This School on a Bus Is Bringing Education to Everyone

– Education. To me, education is it. If you don’t know how to
read, if you don’t know how to write, if you
don’t know how to spell then life is tough. And people having real problems in these different neighborhoods. You’re gonna feed your
kids or you’re gonna go to school; you’re gonna pay your rent or you’re gonna go to
school, and I understand that ’cause I’ve been there. But I want people to know that
the bus represents change, change in self, change in community, change in everything. I want them to see that this
bus is something different and anything is possible. (calm music) (somber piano music) I grew up in Sunnydale
projects in San Francisco. It was just me and my
brother and my sister, my mother had to work a
lot, she did overnights. This a really rough
neighborhood, and as I grew up, a lot of people started
fighting, selling drugs, doing drugs, so I started
selling drugs and robbery, prostitution, and dropped out of school to do what I wanted to do. Then one day, my son, he asked me, “You didn’t go to school,
why I gotta go to school?” So I started thinking
about changing my life. I went to a lady who’s in our community and she said, “There’s a
program coming called Five Keys. “You can learn how to
read and get your GED “or your high school diploma.” It was like everything just
started falling in place. From that point, I started
going, going, going, going until I learned how to read. I graduated in 2015, had the cap and gown, I walked down, they played the little music, it was almost the happiest day of my life. And I said OK, now that I graduated, I got my high school
diploma, can I get a job? And they made a position for me; that’s what I am now,
the Community Ambassador; and so now I’m giving back
and I’m helping other people. Five Keys’ mobile classroom
is a classroom on wheels. It’s a bus that drives up
to different neighborhoods, different projects, and
we spend about three hours in each neighborhood. – Yes! – Happy to see you. – [Shelia] From there,
people get on the bus, we’ll give them their homework packets, and they do their work. – Subtract that number and
then you get the number. – [John] Exactly, you
subtract that number. – Yeah, and then you get
the answer that you want. You know if I have a problem,
I’m calling you, right? – Yeah. Let me show you a couple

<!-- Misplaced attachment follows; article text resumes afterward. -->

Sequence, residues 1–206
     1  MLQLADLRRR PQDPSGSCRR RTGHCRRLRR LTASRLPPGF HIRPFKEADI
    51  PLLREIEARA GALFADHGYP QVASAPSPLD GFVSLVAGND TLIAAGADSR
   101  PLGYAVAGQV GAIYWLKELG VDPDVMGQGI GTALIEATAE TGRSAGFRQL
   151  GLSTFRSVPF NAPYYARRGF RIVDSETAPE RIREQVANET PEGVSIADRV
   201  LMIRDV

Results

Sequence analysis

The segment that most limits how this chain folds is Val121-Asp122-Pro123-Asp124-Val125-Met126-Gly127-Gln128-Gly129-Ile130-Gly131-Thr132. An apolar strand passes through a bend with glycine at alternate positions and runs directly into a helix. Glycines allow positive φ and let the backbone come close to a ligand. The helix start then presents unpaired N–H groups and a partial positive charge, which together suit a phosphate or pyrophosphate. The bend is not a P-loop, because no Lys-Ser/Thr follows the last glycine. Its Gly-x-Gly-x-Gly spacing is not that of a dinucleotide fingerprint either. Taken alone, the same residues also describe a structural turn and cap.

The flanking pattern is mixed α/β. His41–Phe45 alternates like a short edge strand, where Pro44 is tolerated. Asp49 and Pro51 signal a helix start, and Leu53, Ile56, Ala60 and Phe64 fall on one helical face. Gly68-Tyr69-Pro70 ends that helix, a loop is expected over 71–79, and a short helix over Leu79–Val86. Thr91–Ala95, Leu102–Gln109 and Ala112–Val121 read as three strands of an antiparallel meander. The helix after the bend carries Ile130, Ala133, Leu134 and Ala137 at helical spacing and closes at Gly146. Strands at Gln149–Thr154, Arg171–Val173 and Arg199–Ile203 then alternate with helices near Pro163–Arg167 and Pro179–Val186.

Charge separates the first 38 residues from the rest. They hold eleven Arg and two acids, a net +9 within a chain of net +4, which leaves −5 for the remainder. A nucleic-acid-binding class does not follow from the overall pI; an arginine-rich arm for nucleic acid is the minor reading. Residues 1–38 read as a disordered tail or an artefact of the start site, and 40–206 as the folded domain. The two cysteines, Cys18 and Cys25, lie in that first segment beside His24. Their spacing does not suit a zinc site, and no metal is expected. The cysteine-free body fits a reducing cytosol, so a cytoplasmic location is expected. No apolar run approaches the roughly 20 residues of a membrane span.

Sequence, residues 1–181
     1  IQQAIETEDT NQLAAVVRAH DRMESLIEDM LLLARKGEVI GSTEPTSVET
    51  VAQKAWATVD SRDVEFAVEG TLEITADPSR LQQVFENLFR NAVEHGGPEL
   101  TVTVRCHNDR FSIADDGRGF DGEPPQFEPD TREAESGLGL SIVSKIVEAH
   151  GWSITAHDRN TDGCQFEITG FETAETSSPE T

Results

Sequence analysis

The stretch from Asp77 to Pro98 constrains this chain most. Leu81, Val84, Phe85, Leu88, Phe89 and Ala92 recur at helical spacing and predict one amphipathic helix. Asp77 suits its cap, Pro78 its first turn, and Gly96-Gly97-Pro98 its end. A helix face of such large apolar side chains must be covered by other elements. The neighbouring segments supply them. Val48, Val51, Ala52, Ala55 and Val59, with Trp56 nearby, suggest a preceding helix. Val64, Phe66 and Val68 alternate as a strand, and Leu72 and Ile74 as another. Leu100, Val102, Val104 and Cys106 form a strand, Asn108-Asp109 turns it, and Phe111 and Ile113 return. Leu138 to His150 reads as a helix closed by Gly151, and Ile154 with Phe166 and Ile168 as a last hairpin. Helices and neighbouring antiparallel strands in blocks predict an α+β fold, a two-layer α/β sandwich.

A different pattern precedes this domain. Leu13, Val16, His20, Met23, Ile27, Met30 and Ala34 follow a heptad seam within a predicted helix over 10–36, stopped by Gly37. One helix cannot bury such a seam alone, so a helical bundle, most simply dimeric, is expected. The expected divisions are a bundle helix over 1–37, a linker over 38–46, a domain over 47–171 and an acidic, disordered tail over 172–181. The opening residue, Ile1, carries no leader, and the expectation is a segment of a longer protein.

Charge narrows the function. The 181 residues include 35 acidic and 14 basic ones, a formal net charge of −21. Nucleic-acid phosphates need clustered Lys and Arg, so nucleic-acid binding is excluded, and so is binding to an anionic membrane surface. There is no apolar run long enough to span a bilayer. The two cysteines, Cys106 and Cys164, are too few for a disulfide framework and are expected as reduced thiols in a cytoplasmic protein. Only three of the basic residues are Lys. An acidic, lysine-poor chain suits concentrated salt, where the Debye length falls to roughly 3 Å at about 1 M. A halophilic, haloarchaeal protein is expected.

more things though before we start. – We started operating a few years ago and ever since then,
we have a lot of people that come on the bus. Give me some love. – Hi, baby.
– Hi honey. – I guess you could call it
like an education desert. There’s not the facilities;
there’s not the infrastructure, and it’s difficult for students to get to where there are classrooms, so it was designed with that in mind. And the fact that the bus is unique, there’s a sense of pride with that that OK, this is maybe a community that has been historically underserved but now, we have something
that no one else has. – We serve everyone from
different walks of life, we have people that’s
working, that’s not working, we have people from age
16 to 116, doesn’t matter. Some people come with their kids, some people come straight from work, some people come before
they have to go to work, they put a lot of time and effort in ’cause they really want their education. (knocks) Hi, it’s Shelia. Hi honey. My role on this bus is to go out to the different neighborhoods and knock on people’s doors. I’ll go wherever they need me to be, ’cause I’m that person
that tries to get them in and try to keep them in. Hi, how you doing, I’m
going to give you this, it’s about Five Keys. If you know anybody that need a GED or high school diploma, right
there, that big green bus. Totally free. I’ll call them; I’ll bug them; I’ll text them; I’ll email
them, whatever it takes. I just want you to get
your education, that’s it. I didn’t even know how
to read a book to my son, and I got four kids, my oldest is 30. I let them know my story
like I couldn’t read, so don’t be ashamed that you can’t read, that you can’t do math,
that you dropped out in fifth, sixth grade, it doesn’t matter, just come on back and we got you. I can show you, better, I can tell you. – [Man] OK. – OK, nice meeting you guys.
– You too. – See you on Thursday. You too, God bless. – It be hard in the morning getting up, but guess what? It’s worth it, because
you come here to learn things that you never
learned or never knew. It’s an encouraging
thing, it’s like you know, I’m getting ready, it’s
like I’m going to school, I feel like a big kid,
it’s like, you know? – So I have a total of 20 squares. – I dropped out of school
in the sixth grade. Since then, it has been
one heck of a ride. I always have some excuse
as to why I couldn’t get it done, but it wasn’t no excuse. Now we’re working on algebra
and I’m looking forward to graduating at the next graduation. – This bus has impacted hundreds of lives in these different neighborhoods. It makes me happy to see a mother or a father come on
this bus with their kids and push through. I don’t want them to feel like we’re just another program that
came in the neighborhood and now we’re gone, because we’re here; we’re here to stay, so
that’s why I keep going ’cause I want them to
know that we’re real. Four.
– Yeah! – Yay, high five, ah. God gave me a second chance, and I wanna show people that they can get a second chance too.

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